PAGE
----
By Frank Deford
April 16, 2008

One of the questions I'm often asked is this: When today's kids, who love the so-called Extreme Sports -- that's the X Games, like skateboarding -- grow up, won't that mean that traditional sports will tumble in popularity?

My answer is that there are lots of things you cotton to as a teenager, but, mercifully, you grow out of them. Somehow, I just can't see many adults paying to see competitive skateboarding instead of, say, basketball or golf. But then, with apologies to Mencken, nobody ever went broke underestimating the adolescence of the American public.

Case in point: boxing is the only major sport where the object is to hurt your opponent. Surely there can be no place for such an exercise in a more enlightened 21st century. But what has happened? Boxing has indeed lost favor, but not because it's too violent for the modern civilized world, because it's not violent enough.

Boxing is being superseded by what is called mixed martial arts (emphasis on martial), which, apparently, is especially attractive because it's like a video game, only featuring flesh-and-blood human beings (emphasis on blood).

If you are not a video-gamer and/or are not familiar with mixed martial arts, the first thing you need to know is that it is fought in a cage. The applied, uh, arts include wrestling, boxing, jiu-jitsu and kickboxing, although, after John McCain called it "human cockfighting" in 1995, various strategies, like headbutting, were outlawed in a bow to our national sensitivity. Even a nation that tortures has got to draw the line somewhere in its amusements.

The second thing you need to know is that MMA is hugely popular among young men and hugely profitable for those who own the cages and those who inhabit them. The most prestigious MMA outfit is called the Ultimate Fighting Championship (UFC) and it has run shows that have drawn gates of more than $3 million. The biggest stars themselves make millions of dollars a year with outside endorsements, book deals and the like included. MMA is hot on cable and pay-per-view. Now CBS is bringing it to broadcast. Hey, if Katie Couric doesn't fly ...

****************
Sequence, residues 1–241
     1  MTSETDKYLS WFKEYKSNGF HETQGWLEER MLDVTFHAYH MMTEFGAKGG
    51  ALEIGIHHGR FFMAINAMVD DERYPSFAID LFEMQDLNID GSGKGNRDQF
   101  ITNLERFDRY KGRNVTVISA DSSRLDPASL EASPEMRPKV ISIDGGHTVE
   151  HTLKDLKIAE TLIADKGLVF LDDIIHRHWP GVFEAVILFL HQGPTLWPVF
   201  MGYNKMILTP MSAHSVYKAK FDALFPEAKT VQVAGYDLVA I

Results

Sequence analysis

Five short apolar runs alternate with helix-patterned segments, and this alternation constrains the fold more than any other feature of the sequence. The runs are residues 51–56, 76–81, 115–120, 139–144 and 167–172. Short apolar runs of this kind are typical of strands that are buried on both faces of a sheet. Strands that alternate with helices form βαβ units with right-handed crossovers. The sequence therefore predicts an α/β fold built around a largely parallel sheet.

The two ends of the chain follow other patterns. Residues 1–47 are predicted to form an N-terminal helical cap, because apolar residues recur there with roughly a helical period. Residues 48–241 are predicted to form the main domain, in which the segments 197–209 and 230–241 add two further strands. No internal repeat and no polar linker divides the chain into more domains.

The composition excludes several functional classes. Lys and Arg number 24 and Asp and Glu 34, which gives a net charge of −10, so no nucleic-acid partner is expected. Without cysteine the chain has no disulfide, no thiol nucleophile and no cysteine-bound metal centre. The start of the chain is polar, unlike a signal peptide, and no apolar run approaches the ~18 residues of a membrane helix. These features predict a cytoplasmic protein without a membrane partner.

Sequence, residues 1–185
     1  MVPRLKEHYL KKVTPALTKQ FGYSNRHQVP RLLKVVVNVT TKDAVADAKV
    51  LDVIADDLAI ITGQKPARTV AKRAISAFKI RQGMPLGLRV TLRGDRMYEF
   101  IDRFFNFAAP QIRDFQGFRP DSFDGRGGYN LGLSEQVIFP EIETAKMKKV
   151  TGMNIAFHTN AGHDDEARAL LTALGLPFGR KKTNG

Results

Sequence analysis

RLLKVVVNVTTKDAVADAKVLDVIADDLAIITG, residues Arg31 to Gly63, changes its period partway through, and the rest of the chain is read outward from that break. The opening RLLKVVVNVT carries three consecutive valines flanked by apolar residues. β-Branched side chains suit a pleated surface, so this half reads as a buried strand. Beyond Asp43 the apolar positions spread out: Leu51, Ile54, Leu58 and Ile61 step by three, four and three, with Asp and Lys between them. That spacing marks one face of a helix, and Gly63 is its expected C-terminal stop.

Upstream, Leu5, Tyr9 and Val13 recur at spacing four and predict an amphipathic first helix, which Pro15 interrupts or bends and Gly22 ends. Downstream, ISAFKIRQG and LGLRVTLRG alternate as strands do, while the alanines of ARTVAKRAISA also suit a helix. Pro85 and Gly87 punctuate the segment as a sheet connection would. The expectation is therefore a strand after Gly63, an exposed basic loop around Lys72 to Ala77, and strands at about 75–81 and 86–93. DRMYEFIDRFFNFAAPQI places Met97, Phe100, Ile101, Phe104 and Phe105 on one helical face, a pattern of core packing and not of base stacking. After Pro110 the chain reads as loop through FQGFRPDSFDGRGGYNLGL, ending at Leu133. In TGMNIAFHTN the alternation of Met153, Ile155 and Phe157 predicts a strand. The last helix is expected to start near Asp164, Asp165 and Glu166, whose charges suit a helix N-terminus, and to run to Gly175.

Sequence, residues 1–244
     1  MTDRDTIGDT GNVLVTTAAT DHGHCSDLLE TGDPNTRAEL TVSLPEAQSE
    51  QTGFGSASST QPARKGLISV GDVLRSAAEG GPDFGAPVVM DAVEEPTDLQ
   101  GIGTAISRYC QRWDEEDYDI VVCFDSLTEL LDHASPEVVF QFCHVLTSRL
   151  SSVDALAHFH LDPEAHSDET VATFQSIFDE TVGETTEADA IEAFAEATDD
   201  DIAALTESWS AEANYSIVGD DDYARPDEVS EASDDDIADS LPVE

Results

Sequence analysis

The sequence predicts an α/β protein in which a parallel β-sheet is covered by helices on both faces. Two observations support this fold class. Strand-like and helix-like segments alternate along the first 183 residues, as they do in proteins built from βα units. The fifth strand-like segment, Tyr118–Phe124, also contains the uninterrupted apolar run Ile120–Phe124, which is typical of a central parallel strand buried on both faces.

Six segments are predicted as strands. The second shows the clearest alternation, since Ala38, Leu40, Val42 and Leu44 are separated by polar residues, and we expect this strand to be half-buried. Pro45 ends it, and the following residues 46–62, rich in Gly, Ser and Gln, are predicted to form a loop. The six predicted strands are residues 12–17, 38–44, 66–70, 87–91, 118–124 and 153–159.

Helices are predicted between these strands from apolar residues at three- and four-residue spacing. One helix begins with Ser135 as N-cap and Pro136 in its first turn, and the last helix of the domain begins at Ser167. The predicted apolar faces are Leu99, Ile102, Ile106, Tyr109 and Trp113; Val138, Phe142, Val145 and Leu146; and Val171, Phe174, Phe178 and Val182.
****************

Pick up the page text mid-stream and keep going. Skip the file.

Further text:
The third thing you should know about mixed martial arts is that, as befits a live video game, it rather appeals to those with a short attention span. Bouts average six or seven minutes. Mop up the blood in the cage and bring on two more gladiators.

Poor boxing. The idea in boxing, which has always styled itself as "the sweet science," is not to get hit. The best of the current heavyweight champions is Wladimir Klitschko, who wins with defense. This is the pugilistic equivalent of going green, and, I'm sorry, Wladimir, but from a marketing point of view, you're very 19th century.

But then, I guess we shouldn't be surprised that digital technology has spawned a sport. After all, as cars replaced horses, automobile races superseded horse races in popularity, and then as the American population shifted south, NASCAR, the Dixie derby, surpassed the open-wheel cars of rust-belt provenance. No reason to think a human video game shouldn't knock out poor old-fashioned boxing. Or, uh, kick it out.

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